Student View

Zain watches the presidential debate from his home in Ohio. 

Photo courtesy of the author

Kid Reporters
October 5, 2020

After the Presidential Debate, Uncertainty

Our Kid Reporter in Ohio covers the face-off between President Trump and Vice President Biden.

On September 29, President Donald J. Trump, a Republican, and former Vice President Joseph R. Biden, his Democratic challenger, debated the issues in Cleveland, Ohio. Fox News anchor Chris Wallace moderated the televised discussion.

Before the debate, I emailed Joe White, a political science professor at Case Western Reserve University, which hosted the event. He explained that the purpose of a presidential debate is to help undecided voters determine which candidate they will support in the election.

“The vast majority of people already know how they will vote,” White told me. “But the debates will be one thing that the small percentage of voters who have not decided consider over the next few weeks.” 

This year, Election Day falls on November 3. But many people have already begun to vote by mail or in person. Record numbers of voters are casting ballots by mail because of concerns about COVID-19, the contagious disease caused by the coronavirus.

A CHAOTIC EXPERIENCE

During the forum, Wallace asked about President Trump’s recent appointment of Amy Coney Barrett, a conservative judge, to replace Justice Ruth Bader Ginsburg on the Supreme Court; the ongoing threat that COVID-19 poses to the country; the Black Lives Matter movement and racial injustice; and the ability to conduct a fair election during the pandemic.

Many viewers said that the debate was chaotic and disorganized. They found following the discussion difficult because the candidates often spoke over each other. President Trump, in particular, was cited for his frequent interruptions. At one point Wallace raised his voice, saying, “Please, let the Vice President talk!”

“I felt bad for Chris Wallace,” Rebecca Jewell, 12, said afterwards. “They were like bulls charging a red flag. You couldn’t stop it.” 

Rebecca was not the only one to express such views. The Commission on Presidential Debates (CPD), a nonprofit, non-partisan group that sponsors the debates, has released a statement saying that they will restructure the format of the next two presidential debates “to ensure a more orderly discussion of the issues.”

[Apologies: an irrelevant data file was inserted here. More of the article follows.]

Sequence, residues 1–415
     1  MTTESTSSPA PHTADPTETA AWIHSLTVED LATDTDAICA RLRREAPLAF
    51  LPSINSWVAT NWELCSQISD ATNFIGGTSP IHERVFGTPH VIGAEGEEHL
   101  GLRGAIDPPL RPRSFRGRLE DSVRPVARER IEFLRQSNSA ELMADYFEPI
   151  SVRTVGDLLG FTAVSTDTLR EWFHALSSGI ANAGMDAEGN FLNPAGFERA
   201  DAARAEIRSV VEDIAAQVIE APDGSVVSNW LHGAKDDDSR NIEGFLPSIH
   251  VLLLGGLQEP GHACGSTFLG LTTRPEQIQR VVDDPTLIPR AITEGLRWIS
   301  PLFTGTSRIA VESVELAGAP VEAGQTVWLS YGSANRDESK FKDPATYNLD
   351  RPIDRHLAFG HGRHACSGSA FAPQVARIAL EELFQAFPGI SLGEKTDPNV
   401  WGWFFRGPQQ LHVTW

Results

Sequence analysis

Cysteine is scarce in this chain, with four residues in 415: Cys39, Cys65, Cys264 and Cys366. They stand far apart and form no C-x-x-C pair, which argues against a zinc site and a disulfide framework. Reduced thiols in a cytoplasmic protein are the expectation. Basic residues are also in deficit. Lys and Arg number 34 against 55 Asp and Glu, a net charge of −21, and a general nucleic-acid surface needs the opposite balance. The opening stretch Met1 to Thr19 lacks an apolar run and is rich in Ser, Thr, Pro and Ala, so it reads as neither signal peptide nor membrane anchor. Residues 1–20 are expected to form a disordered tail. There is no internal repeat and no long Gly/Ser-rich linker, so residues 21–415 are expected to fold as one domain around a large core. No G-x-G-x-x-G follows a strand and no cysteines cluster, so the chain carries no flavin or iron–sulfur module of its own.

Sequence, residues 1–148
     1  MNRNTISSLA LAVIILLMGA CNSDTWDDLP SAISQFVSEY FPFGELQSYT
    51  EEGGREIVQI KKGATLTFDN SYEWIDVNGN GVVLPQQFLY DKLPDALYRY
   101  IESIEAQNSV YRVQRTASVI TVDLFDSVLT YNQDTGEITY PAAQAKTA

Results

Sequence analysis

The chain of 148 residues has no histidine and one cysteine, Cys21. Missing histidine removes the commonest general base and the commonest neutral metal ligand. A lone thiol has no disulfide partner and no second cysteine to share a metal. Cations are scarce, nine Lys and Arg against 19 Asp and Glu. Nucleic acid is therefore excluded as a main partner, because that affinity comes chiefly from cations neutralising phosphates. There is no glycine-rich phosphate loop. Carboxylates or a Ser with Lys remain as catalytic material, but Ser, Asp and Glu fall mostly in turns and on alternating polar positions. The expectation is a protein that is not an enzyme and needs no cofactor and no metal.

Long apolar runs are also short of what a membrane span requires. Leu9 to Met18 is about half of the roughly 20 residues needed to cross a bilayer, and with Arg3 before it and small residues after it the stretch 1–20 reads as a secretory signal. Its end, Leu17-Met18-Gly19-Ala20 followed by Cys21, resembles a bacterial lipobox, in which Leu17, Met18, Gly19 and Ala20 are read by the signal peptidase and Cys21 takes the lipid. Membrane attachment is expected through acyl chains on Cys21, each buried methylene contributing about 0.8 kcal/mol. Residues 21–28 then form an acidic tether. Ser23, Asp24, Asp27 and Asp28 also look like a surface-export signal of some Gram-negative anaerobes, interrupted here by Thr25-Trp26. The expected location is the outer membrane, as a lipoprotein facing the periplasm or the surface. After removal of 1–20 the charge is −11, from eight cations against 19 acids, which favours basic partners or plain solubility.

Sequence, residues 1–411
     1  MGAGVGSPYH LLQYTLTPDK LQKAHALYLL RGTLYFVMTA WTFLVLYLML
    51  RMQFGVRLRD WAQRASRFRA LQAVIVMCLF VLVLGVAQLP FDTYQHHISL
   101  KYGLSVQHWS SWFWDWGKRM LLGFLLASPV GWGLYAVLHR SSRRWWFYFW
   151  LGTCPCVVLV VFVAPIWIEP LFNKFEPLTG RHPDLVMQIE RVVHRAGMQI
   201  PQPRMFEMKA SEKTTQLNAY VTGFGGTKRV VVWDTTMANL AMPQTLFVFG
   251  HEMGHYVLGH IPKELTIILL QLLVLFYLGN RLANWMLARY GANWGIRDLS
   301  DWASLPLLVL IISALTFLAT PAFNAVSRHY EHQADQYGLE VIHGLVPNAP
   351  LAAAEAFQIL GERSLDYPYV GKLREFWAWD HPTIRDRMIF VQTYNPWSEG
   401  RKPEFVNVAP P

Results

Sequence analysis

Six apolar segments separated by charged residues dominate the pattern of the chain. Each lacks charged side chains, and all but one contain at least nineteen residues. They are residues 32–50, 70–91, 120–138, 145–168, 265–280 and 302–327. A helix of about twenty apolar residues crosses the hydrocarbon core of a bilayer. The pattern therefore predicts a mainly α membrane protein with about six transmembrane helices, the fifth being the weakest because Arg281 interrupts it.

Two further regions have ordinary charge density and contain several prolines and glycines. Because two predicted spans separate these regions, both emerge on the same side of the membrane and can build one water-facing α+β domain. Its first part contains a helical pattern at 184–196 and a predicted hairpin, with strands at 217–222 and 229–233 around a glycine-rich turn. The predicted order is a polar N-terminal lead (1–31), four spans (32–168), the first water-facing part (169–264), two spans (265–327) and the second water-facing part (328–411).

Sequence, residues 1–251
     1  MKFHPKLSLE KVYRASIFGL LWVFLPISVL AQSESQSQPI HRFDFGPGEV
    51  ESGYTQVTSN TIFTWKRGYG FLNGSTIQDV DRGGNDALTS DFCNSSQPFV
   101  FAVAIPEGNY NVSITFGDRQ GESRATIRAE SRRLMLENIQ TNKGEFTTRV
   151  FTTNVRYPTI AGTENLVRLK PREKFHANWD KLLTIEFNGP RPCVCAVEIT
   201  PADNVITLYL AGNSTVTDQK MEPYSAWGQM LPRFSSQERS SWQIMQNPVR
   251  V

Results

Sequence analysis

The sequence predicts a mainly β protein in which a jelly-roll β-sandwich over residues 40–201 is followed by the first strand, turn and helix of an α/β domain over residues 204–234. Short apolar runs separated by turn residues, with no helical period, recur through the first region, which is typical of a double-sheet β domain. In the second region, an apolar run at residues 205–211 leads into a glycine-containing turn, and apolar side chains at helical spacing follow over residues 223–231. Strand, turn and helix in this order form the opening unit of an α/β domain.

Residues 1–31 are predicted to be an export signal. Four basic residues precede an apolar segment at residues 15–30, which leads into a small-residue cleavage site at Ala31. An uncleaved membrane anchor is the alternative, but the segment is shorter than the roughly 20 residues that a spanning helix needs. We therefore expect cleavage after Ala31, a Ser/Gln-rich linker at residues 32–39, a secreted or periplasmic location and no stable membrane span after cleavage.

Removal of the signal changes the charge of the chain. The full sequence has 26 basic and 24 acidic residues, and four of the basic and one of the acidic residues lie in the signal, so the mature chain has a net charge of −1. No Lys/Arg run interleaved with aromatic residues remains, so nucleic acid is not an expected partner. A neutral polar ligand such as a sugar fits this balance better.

A PANDEMIC AND DISTURBING CLAIMS

During the debate, Biden criticized Trump’s management of the pandemic, arguing that the country has “waited and waited,” but that the president “still doesn’t have a plan.” 

In response, Trump said: “I’ll tell you, Joe, you could never have done the job that we did. You don’t have it in your blood.” 

More than 210,000 people in the U.S. have died from the virus, and nearly 7.5 million have become infected. Recently, the president, himself, was diagnosed with COVID-19 and had to be hospitalized. 

Wallace asked President Trump if he would denounce violent groups that believe in white supremacy. Many viewers, including Heather Macalla of Bay Village, Ohio, were disturbed that the president did not give a more forceful response. 

“In addition to calling violent white supremacists to action, Trump made several attempts to discourage voters from voting and to discredit our safe, secure, and peaceful electoral process,” Macalla said. “He continued to make false claims of widespread voter fraud through the mail-in voting process.”

Indeed, Trump did not agree to accept the results of the upcoming election. He has repeatedly claimed, without evidence, that increased mail-in voting would lead to fraud. “When you have 80 million ballots sent in and swamping the system,” he said, “it can't be done. You know it can’t.”

After the debate, Biden’s lead over Trump in national polls grew to 14%. No one knows whether the second of three planned debates will take place on October 15, now that the president has tested positive for COVID-19. Nonetheless, he vows to continue his campaign for re-election.